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The Backstory: Remembering the only Texas governor to face impeachment

The governor billed the Texas treasury for 8.5 gallons of chicken salad, leading to his downfall.

AUSTIN, Texas — They called him “Farmer Jim,” though he wasn’t much of a farmer. James Ferguson was a banker from Temple who would become governor in 1914 – famous, or infamous, as the only Texas governor to face impeachment.

He was popular for his folksy charm across what was then a predominantly rural state, but not so popular among legislators.

During his second term in office, he picked a fight with the University of Texas and demanded that six professors who supported his opponent during his re-election campaign be fired. And when they weren’t fired, he cut UT’s funding. It was the beginning of Ferguson’s downfall.

Then there was the “chicken salad” matter.

Even though a court had ruled that the State shouldn’t have to pay for the governor’s groceries, Ferguson kept sending the bills for his food to the State.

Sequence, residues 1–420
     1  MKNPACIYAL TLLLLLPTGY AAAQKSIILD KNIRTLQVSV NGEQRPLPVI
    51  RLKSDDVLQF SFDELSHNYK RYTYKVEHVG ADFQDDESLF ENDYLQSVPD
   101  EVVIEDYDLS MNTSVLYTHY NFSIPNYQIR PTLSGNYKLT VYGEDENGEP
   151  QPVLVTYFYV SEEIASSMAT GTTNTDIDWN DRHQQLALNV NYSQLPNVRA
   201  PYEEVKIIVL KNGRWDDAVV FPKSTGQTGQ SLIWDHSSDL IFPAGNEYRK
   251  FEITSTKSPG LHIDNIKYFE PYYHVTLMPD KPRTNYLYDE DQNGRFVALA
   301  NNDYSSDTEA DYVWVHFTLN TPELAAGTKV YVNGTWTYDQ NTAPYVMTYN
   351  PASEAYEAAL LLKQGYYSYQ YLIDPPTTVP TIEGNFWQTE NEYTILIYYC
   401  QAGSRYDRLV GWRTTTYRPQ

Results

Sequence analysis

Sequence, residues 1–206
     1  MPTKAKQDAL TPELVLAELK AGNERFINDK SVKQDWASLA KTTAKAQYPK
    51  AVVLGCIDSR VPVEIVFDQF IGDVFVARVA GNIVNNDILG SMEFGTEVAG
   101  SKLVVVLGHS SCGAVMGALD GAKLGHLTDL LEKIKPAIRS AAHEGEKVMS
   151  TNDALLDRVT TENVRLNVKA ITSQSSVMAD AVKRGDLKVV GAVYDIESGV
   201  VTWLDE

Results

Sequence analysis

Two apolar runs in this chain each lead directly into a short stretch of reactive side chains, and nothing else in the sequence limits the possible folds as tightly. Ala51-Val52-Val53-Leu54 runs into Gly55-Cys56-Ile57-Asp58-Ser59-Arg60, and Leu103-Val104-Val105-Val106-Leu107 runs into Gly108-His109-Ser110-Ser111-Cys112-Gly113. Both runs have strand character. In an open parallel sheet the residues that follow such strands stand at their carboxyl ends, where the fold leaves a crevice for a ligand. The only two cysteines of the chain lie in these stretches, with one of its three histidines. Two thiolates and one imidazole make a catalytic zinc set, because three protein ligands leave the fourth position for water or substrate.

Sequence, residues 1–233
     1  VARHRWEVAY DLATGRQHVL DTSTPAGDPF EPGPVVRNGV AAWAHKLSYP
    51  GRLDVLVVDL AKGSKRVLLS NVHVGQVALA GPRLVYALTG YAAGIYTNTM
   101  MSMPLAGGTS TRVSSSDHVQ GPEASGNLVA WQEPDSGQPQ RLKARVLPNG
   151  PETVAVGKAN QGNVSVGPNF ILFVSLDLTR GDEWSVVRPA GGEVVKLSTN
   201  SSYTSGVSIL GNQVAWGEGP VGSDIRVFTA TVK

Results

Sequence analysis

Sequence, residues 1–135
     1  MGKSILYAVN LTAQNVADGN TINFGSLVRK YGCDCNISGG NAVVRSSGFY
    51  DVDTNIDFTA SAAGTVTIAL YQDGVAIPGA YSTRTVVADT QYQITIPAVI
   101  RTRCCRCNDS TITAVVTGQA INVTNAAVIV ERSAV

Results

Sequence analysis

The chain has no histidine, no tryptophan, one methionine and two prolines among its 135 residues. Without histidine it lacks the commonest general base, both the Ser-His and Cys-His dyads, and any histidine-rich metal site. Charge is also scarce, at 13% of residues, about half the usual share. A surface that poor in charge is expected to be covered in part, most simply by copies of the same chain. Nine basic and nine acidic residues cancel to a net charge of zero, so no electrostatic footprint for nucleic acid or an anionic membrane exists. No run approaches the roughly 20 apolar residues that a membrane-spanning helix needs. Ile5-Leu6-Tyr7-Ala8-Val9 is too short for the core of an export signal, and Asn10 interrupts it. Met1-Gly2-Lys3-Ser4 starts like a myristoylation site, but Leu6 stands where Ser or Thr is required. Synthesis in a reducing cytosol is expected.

An example: The governor billed the Texas treasury for 8.5 gallons of chicken salad, 250 sandwiches and a large quantity of punch, worth more than $4,000 in today’s dollars. Because of that, and for other transgressions, the Texas Senate found Ferguson guilty on five charges relating to mishandling of public funds and abuse of power. He resigned before he could be removed from office and hoped to run again. He did run and lost.

But what happened next makes the story even more interesting.

Ferguson’s wife, Mariam, known as “Ma” Ferguson, ran for governor and won: A story we’ll share another time.

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